Reduced graphene oxide-metal nanoparticle composite membranes for environmental separation and chloro-organic remediation

Ashish Aher, Samuel Thompson, Trisha Nickerson, Lindell Ormsbee, Dibakar Bhattacharyya

Research output: Contribution to journalArticlepeer-review

5 Scopus citations

Abstract

This study explores the integration of separation performance of rGO membrane with heterogeneous oxidation reactions for remediation of organic contaminants from water. Herein, an approach was introduced based on layer-by-layer assembly for functionalizing rGO membranes with polyacrylic acid and then by in situ synthesis of Fe based reactive nanoparticles. TEM characterization of the cross-section lamella of the membranes showed a high density of nanoparticles (12% Fe) in the functionalized domain, signifying the importance of polyacrylic acid for in situ synthesis of nanoparticles. The membranes exhibited a pure water permeability of 1.9 LMH bar-1. The membranes had low to moderate salt retention, and more than 90% neutral red retention (organic probe molecule, size: 1.2 nm). The membranes also exhibited high retention of humic acids (80%), preventing these organics from entering the reactive domain, and thus potentially reducing the formation of undesired by-products. A persulfate mediated oxidative pathway was employed to demonstrate the reactive removal of organic contaminants. The membranes achieved >95% conversion by convectively passing 2 mM persulfate feed at a transmembrane pressure of 0.4 bar. Successful degradation of TCE (up to 61%) was achieved in a single pass by convective flowing of the feed solution through the membrane, generating up to 80% of the theoretical maximum chloride as one of the byproducts. Elevated temperatures significantly enhanced persulfate mediated TCE oxidation extent from 24% at 23 °C to 54% at 40 °C under batch operating conditions.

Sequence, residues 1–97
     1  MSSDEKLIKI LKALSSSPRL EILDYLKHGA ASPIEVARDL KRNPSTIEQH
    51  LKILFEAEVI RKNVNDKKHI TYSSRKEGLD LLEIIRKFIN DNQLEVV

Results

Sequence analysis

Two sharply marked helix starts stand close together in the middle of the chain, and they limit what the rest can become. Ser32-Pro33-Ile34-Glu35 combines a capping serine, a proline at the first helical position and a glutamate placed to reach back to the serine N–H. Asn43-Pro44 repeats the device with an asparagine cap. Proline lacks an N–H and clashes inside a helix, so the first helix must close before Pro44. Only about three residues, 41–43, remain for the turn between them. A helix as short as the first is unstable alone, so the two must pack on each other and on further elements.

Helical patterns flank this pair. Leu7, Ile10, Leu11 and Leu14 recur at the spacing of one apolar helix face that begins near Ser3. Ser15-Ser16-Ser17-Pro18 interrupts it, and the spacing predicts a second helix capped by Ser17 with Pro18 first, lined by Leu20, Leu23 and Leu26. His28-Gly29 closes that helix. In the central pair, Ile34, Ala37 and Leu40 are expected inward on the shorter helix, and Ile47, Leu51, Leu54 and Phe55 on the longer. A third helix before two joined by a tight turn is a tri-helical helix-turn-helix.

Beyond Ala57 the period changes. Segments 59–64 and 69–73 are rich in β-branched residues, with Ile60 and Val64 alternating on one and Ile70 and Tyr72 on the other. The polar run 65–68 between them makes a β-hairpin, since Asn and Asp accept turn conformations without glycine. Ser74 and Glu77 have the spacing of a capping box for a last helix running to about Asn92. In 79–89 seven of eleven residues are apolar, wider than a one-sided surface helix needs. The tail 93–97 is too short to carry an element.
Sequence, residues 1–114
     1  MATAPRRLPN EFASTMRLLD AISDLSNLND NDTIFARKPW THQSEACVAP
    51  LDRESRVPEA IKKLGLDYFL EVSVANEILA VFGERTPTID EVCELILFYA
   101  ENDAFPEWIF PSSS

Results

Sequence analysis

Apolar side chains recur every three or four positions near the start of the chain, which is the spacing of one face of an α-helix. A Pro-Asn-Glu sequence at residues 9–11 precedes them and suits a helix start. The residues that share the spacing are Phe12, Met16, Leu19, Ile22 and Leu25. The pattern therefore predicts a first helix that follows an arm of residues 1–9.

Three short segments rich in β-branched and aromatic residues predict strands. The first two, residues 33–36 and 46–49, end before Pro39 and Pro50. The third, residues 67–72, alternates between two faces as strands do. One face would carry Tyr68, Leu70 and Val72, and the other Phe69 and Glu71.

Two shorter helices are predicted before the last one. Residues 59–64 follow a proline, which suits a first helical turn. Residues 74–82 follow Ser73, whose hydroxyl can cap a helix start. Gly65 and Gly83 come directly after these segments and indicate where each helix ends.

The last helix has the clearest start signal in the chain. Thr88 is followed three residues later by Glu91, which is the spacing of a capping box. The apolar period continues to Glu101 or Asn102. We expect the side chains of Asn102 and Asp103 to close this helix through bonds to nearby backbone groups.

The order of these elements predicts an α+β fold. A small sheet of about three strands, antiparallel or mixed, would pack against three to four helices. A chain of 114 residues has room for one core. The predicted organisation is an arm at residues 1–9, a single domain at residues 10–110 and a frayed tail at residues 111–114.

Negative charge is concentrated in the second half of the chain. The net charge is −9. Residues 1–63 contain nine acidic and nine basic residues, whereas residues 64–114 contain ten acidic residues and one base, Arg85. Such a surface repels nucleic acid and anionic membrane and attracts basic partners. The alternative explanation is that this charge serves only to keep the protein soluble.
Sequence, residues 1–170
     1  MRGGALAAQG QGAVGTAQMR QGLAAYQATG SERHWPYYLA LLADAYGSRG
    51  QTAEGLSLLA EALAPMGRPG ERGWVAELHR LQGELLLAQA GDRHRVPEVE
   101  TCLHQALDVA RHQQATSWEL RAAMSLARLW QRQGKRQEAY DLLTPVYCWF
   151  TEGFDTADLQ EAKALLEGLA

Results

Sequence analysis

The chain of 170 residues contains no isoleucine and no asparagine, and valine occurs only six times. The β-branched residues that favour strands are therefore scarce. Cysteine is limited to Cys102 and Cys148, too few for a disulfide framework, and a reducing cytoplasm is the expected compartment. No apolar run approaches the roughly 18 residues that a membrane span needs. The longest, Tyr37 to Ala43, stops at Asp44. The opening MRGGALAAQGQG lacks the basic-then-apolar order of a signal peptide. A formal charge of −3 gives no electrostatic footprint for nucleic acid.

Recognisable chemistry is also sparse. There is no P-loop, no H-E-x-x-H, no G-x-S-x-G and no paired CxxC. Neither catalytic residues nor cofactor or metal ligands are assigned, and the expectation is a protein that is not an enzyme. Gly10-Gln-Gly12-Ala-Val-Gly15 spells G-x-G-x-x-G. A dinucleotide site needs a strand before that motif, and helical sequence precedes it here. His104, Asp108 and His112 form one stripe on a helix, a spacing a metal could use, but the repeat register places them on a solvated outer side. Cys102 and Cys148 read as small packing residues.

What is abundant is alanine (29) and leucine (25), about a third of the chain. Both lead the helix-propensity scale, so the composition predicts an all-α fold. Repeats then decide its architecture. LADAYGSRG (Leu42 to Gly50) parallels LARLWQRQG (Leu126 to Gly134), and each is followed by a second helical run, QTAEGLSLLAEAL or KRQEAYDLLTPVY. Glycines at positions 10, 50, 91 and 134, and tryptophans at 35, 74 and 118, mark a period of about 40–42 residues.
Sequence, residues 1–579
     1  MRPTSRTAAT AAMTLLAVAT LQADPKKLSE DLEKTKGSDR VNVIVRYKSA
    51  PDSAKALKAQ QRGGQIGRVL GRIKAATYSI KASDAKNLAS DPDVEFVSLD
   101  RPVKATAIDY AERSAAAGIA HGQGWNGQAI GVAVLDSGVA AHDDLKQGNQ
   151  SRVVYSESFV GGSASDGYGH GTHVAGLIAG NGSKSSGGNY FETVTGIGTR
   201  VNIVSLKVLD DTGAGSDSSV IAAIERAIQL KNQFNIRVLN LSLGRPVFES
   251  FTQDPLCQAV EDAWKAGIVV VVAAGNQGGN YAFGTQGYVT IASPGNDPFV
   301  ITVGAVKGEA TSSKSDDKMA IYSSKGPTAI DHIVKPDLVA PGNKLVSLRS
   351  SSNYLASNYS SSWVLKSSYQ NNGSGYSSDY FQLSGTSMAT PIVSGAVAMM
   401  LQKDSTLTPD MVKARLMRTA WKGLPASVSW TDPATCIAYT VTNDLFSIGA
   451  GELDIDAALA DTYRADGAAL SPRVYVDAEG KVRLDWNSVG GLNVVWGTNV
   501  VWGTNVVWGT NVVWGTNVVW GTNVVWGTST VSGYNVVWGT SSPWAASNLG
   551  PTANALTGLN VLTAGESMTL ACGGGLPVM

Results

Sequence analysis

Original languageEnglish
Pages (from-to)38547-38557
Number of pages11
JournalRSC Advances
Volume9
Issue number66
DOIs
StatePublished - 2019

Bibliographical note

Funding Information:
This research was funded by the NIEHS Superfund program (Grant no. PE42ES007380) and NSF-EPSCOR (Grant no: 1355438). Dr Nicolas Briot and Dr Dali Qian assisted with the sample preparation for TEM and TEM characterization, respectively. Analysis of Trichloroethylene was conducted at the Environmental Research and Training Laboratory at University of Kentucky. Dr Andrew Colburn, Hongyi Wan, and Saiful Islam provided valuable insights at various stages of the manuscript.

Publisher Copyright:
© 2019 The Royal Society of Chemistry.

ASJC Scopus subject areas

  • Chemistry (all)
  • Chemical Engineering (all)

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